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Dog Mountain

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With a trailhead in the Columbia River Gorge, this mountain offers wonderful views of the deep cut of the Columbia as it slices through the Cascades. This is a popular trail that offers great views and a pleasant trail experience-wildflowers grace the forest meadows and clearings, and wild-life roams the area.

From the large parking area, the trail begins with a steep, 0.5-mile climb to a junction. Both trails before you lead to the top. My recommendation is to go right, since the left fork climbs steeply up the northern flank of the mountain. Use the longer, more gradual route on the right as it loops around to the east and climbs through broken forest that offers periodic views across the gorge. You can descend by the steeper northern route, or retrace your steps.

The trails climb steeply, reconvening near the 3-mile mark, before the combined path crosses a little knoll known as Puppy Lookout. You're only 500 feet below the top at this point, so keep pushing and soon you'll be striding through the broad meadows of balsamroot blooms into the fabulous views south and west into the Columbia River Gorge.
Driving Directions:

From Carson, drive approximately 9 miles east on State Route 14 to the trail-head, just beyond milepost 53. The parking area and trailhead are on the left (north) side of the highway.

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Recent Trip Reports

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There are 61 trip reports for this hike. See all trip reports for this hike.
Dog Mountain — Mar 16, 2014 — Tim Hynde
Day hike
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Too early for flowers but this was a good hike to kick off the season and get warmed up. The trail i...
Too early for flowers but this was a good hike to kick off the season and get warmed up. The trail is in good condition with no hazards.
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Dog Mountain — Aug 17, 2013 — heaths
Day hike
Issues: Overgrown
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I left on the Dog Mountain trailhead and took the Way of the Samurai (2.2mi) then the right path at ...
I left on the Dog Mountain trailhead and took the Way of the Samurai (2.2mi) then the right path at Puppy Point (Lookout). The trail was dry and clear. At the clearing the flowers were mostly gone but the view was still beautiful. The right trail at the top was quite overgrown, but it's clear this doesn't get a lot of traffic.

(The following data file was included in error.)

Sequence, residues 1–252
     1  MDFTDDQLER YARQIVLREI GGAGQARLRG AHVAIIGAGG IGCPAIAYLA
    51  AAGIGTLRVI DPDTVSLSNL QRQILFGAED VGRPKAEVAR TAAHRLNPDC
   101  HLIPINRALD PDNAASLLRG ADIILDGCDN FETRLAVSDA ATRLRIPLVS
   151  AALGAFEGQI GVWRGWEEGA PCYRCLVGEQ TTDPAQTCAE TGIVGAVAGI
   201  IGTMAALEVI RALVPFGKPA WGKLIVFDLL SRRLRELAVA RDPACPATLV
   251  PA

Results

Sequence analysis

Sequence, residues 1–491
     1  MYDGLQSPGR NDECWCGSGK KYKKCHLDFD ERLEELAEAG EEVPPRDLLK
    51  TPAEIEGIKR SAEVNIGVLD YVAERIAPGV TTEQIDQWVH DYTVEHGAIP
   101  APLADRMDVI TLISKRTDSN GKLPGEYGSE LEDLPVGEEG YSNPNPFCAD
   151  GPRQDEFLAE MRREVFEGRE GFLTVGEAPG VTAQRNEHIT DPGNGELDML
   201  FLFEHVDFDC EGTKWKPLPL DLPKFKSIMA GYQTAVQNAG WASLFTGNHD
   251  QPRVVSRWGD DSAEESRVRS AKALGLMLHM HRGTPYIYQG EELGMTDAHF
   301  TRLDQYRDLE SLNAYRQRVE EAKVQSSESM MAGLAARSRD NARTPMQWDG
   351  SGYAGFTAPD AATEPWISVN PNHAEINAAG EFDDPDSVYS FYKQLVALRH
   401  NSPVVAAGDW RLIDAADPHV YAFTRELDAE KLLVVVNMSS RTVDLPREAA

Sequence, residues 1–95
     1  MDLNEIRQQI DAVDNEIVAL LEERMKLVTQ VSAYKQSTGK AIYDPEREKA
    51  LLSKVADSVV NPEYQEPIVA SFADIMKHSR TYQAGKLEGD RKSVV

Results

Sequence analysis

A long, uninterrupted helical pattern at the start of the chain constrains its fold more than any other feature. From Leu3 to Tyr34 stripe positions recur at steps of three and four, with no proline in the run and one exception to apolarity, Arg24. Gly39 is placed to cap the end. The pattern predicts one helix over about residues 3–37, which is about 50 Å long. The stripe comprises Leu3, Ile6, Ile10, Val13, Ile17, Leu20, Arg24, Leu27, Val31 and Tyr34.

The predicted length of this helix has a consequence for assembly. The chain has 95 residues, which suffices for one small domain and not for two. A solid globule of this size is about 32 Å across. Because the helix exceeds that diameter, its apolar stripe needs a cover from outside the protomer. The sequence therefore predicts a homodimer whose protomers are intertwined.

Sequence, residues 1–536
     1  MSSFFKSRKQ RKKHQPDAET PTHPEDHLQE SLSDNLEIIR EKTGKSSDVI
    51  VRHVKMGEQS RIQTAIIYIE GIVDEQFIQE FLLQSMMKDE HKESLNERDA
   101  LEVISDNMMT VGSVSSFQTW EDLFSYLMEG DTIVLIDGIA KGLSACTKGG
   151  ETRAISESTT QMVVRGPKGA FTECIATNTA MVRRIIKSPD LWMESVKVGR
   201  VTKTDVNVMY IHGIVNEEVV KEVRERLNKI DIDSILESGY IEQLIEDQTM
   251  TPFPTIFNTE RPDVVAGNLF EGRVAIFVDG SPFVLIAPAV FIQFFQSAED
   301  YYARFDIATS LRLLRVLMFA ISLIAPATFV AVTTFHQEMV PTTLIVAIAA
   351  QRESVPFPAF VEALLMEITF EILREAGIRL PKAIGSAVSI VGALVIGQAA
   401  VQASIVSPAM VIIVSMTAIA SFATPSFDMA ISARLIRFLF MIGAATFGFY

The only problem for some might be the poison oak below 1,000ft. Above that I didn't see any.

I took the Augspurger trail down and while it was dry, the downhill side of the trail was loose in a few spots so watch your step and try to stay more on the uphill side.

Overall a good hike and a beautiful day for it!
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Dog Mountain — Jun 09, 2013 — seattlegraham
Day hike
Features: Wildflowers blooming
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Wildflowers last hurrah. In the shade or on the bald top where it is cooler, the wildflowers are in...
Wildflowers last hurrah. In the shade or on the bald top where it is cooler, the wildflowers are in final bloom. Balsam Root is withering with the heat and the lupine and Indian paintbrush are still in bloom.

Arrived at 9:30 from Seattle and the trailhead already had 35 cars (lots of Portland folks). First third on hot south slope made me think this should be called "Poison Oak Mountain." No worries despite brushing against the stuff.

First two thirds is forested and you reach the bald top. It was 81 degrees, so the first two thirds were steep and sweaty. The top third opens out and (this being the Gorge) is windy and cool. Bring a windbreaker or light fleece to enjoy the top with a picnic. You will share the spot with a fair number of people and dogs if a weekend. Watch for the gifts the dogs leave the mountain if you intend to stretch out and nap or picnic on the grassy top.
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Dog Mountain — Jun 02, 2013 — PatriciaC
Day hike
Features: Wildflowers blooming
Issues: Mud/Rockslide
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Go soon and go early. This was my second time up Dog Mountain in two weeks, and the balsamroot is pa...